“We had a lot of just thud temp practices,” he said. “We can’t really get a good look with thud tempo. We like to tackle and take them to the ground, so it felt pretty good to do that.”

Doyle also said the team is excited about the new West Coast offense that’s been installed under Taggart.

“Anybody could be the playmaker,” he said. “We saw Willie McNeal make a ton of plays today. It’s not just Bobby Rainey or someone else, because anyone can step up and make plays in this offense.”

Clendenin said today’s scrimmage was a good way to measure how much the team has improved since day one, saying the team has made “major” progress since then.

-Cole Claybourn

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Point of emphasis: Reign in the physicality

Western came into practice last week looking to up the physicality after a 63-7 blowout loss at Tennessee. The Toppers came out fired up Saturday night for South Florida, but recorded 13 penalties for 124 yards—10 in the first half alone.

Junior offensive lineman Preston King said practice this week is about keeping the effort level up and the penalty yards down.

“We’re still playing physical, but being smart while playing physical,” King said.

Coach David Elson said he talked about the penalties to his team when looking over Saturday’s game film and said that he’s “confident that it will be corrected.”

Elson preached the same message as King — that Western needs to play smarter this Saturday against Central Arkansas.

“A lot of it had to do with effort,” Elson said. “We were just playing that hard and couldn’t let up, but we’ve got to learn to do that. We need to learn how to play at a really high intensity level but under control to where those things don’t happen.”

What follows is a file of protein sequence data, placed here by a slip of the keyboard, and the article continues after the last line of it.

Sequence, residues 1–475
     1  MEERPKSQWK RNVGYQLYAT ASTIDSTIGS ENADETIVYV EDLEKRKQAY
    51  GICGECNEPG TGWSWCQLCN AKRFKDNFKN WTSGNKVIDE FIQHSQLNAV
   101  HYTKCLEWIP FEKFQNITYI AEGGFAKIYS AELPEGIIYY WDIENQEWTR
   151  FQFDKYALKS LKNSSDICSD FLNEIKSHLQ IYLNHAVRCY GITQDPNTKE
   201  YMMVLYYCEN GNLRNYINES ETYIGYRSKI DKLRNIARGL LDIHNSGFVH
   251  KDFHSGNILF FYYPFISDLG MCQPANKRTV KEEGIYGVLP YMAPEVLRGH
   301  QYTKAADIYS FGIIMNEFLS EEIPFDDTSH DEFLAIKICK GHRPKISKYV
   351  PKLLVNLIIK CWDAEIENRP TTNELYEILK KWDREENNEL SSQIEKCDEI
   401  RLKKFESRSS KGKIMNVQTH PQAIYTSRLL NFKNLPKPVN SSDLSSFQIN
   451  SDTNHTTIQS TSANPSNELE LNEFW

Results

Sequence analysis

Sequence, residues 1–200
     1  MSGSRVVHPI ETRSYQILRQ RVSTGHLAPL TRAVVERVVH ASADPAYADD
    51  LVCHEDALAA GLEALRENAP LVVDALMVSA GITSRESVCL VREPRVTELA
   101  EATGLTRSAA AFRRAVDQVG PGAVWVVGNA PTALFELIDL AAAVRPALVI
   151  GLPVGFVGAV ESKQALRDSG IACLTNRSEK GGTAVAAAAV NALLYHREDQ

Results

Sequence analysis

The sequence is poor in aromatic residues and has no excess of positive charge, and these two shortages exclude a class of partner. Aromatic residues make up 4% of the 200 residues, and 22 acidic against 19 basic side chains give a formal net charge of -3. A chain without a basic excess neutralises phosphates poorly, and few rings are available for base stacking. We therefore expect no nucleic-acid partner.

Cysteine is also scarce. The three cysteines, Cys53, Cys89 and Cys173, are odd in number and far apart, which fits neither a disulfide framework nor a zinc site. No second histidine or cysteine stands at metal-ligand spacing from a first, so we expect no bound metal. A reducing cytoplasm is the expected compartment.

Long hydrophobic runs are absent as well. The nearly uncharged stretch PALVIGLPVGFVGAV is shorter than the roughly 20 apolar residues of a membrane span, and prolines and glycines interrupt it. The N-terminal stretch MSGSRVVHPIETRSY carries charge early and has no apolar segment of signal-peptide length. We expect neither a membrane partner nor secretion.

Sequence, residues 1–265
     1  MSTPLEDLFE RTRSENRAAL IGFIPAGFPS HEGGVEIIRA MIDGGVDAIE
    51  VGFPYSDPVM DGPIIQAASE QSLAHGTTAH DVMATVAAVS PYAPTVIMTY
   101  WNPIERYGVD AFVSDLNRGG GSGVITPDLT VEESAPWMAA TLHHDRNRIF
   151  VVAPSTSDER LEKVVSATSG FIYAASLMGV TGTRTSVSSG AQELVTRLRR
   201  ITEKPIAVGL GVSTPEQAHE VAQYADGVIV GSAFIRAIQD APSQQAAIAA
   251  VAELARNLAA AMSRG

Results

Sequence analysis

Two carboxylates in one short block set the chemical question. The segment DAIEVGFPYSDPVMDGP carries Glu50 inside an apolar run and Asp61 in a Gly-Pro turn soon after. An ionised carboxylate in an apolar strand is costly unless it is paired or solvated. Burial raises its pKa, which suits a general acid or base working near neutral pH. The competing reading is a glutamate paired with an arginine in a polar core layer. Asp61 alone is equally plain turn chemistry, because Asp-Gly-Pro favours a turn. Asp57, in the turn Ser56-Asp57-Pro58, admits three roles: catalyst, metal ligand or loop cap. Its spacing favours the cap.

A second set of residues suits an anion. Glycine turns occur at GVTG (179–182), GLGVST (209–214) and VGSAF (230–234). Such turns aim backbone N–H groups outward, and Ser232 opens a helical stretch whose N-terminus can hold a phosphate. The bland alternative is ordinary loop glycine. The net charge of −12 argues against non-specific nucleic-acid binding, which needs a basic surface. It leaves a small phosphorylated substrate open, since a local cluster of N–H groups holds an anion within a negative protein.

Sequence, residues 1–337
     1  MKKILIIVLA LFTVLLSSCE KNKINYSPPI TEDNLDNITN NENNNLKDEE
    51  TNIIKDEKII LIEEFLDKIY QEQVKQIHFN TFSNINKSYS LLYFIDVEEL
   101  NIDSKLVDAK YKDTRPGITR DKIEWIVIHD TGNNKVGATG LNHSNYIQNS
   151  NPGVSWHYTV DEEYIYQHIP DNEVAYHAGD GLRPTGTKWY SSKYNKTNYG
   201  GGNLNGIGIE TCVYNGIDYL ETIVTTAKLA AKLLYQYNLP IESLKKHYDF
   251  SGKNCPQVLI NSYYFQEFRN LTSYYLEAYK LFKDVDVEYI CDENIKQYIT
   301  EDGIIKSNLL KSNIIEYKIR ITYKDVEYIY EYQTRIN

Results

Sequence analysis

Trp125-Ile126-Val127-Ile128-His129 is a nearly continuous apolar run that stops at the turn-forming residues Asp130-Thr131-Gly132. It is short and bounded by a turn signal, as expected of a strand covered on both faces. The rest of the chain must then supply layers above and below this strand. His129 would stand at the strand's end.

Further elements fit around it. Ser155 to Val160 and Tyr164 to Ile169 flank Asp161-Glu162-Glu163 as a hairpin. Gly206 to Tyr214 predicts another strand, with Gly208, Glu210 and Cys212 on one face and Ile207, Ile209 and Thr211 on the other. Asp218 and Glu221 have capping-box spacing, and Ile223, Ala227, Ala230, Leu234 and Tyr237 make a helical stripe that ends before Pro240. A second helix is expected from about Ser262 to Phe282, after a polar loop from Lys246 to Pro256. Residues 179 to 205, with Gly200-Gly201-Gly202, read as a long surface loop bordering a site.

Also, after sitting out of Tuesday’s practice, freshman tight end Jack Doyle, senior center Cody Hughes, junior lineman Derrick Elder and sophomore defensive end Jared Clendenin all returned to the field on Wednesday. Senior receiver Jake Gaebler continues to nurse a pulled hamstring.

-Jonathan Lintner

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Western nursing a host of injuries

Last week it was the flu. This week, the injury bug is biting Western’s football team.
The questionable list for Saturday’s game against Central Arkansas grew longer following another physical Tuesday practice back from the Toppers’ latest loss to South Florida.
Senior wide receiver Jake Gaebler is nursing a hamstring, senior center Cody Hughes is still fighting a bruised shin and head coach David Elson said freshman tight end Jack Doyle has a hip flexor. All were held out of Tuesday’s practice.
Sophomore defensive end Jared Clendenin failed to leave the practice field under his own power, toting a bag of ice on his arm and junior offensive lineman Derrick Elder went down with just a few minutes left in practice and didn’t return.
I’ll be back tomorrow or Thursday with updates on the injuries–whenever Elson gives an official update–as well as how they’ll affect playing time in this Saturday’s game against Central Arkansas.
-Jonathan Lintner

Last week it was the flu. This week, the injury bug is biting Western’s football team.

The questionable list for Saturday’s game against Central Arkansas grew longer following another physical Tuesday practice back from the Toppers’ latest loss to South Florida.

Senior wide receiver Jake Gaebler is nursing a hamstring, senior center Cody Hughes is still fighting a bruised shin and head coach David Elson said freshman tight end Jack Doyle has a hip flexor. All were held out of Tuesday’s practice.

Sophomore defensive end Jared Clendenin failed to leave the practice field under his own power, toting a bag of ice on his arm and junior offensive lineman Derrick Elder went down with just a few minutes left in practice and didn’t return.

I’ll be back tomorrow or Thursday with updates on the injuries–whenever Elson gives an official update–as well as how they’ll affect playing time in this Saturday’s game against Central Arkansas.

-Jonathan Lintner

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Notebook: WKU football Media Day

Smith “honored” to have starting quarterback role

After so many years of riding the bench, waiting for his opportunity, Brandon Smith was named the starting quarterback for Western’s football team this fall. Smith, a redshirt senior out of Danville, saw action in four games last season, completing 12-of-25 passes for 47 yards.

“It’s an honor to get that starting job,” Smith said. “But now I kind of see it as the real job starts, and the real job is to get the offense going and to meet our team goals this year.”

Smith has seen the ups and downs of Western’s transition to the Football Bowl Subdivision (FBS), and said he’s ready to accomplish something more than just being there in 2009.